Richard Earl Brown

#06 Richard Earl Brown was born 14 September 1903 as Clifford Durwood Brown. He had a daughter, my mother, with Madonna (Donna) Montran. He always wanted to marry Donna, but she said, “No.”

He changed his name to Richard Earl Durand and married Dorothy Amanda Wilhelm. Dick, as he was known, and Dorothy had two children. Living Durand and Mary Lou Durand. He married Cecelia Ann Squires in 1975.

Richard Earl Brown died 19 January 1990.

My Direct Brown Ancestors

  • #96 – Odel Brown (c. 1796-?)
  • #48 – Barney/Daney Brown (c.1814-c.1860)
  • #24 – William Henry Brown (1842-c.1895)
  • #12 – Arthur Durwood Brown (1864-1928)
  • #6 – Richard Earl Brown (aka Clifford Durwood Brown, aka Richard Earl Durand) (1903-1990)
  • #3 – My mother – (Living)
  • #1 – Me – Generation

My known Brown relatives.

My records have 248 direct-line descendants of Barney/Daney Brown identified over nine generations, which is about 5% of my known Brown/Montran family tree. Looking at the Browns another way, I have 144 individuals with the surname of Brown in my Brown/Montran family tree, the most of any surname.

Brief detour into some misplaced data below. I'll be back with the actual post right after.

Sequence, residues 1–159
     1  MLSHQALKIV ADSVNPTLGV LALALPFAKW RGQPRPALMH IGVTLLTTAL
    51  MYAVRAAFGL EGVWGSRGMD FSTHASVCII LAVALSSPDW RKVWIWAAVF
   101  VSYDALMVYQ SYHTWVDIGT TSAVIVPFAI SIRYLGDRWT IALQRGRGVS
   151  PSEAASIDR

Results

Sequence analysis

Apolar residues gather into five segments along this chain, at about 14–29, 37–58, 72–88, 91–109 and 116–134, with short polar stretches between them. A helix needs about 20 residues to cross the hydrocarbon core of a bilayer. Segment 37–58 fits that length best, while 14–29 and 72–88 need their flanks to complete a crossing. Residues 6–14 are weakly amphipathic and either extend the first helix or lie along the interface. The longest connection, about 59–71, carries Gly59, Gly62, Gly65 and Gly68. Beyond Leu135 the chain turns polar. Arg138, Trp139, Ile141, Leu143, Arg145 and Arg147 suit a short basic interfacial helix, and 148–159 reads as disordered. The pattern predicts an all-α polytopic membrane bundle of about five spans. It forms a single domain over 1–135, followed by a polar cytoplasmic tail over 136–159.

ENDNOTES

[i] Ancestry.com; Dictionary of American Family Names ©2013, Oxford University Press via http://www.ancestry.com/name-origin?surname=Brown

[ii] Web: Forebears – http://forebears.io/surnames/brown

[iii] Web: Wikipedia – List of most common surnames in North America
https://en.wikipedia.org/wiki/List_of_most_common_surnames_in_North_America

[iv] Ancestry.com; From the 1840 US Federal Census Date – http://www.ancestry.com/name-origin?surname=Brown

[v] William Henry Brown was born in 1842 and is believed to be the first child of Barney and Mary Brown. Assuming they did marry, that would estimate they married about 1840.

[vi]   Marian’s first child was born in 1867 when she was 20. I guesstimate she and Henry were married about a year earlier when she was 19.

———- DISCLAIMER ———-